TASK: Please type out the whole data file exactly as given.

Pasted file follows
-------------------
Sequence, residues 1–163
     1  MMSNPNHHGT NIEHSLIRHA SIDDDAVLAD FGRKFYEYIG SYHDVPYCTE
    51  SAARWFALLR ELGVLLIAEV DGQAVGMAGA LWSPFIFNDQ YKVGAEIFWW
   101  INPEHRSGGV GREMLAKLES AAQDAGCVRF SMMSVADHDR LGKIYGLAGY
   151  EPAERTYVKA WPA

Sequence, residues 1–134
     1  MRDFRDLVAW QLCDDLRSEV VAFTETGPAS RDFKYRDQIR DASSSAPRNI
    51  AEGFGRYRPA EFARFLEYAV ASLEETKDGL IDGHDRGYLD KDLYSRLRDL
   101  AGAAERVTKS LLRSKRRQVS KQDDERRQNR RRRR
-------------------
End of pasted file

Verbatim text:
Sequence, residues 1–163
     1  MMSNPNHHGT NIEHSLIRHA SIDDDAVLAD FGRKFYEYIG SYHDVPYCTE
    51  SAARWFALLR ELGVLLIAEV DGQAVGMAGA LWSPFIFNDQ YKVGAEIFWW
   101  INPEHRSGGV GREMLAKLES AAQDAGCVRF SMMSVADHDR LGKIYGLAGY
   151  EPAERTYVKA WPA

Sequence, residues 1–134
     1  MRDFRDLVAW QLCDDLRSEV VAFTETGPAS RDFKYRDQIR DASSSAPRNI
    51  AEGFGRYRPA EFARFLEYAV ASLEETKDGL IDGHDRGYLD KDLYSRLRDL
   101  AGAAERVTKS LLRSKRRQVS KQDDERRQNR RRRR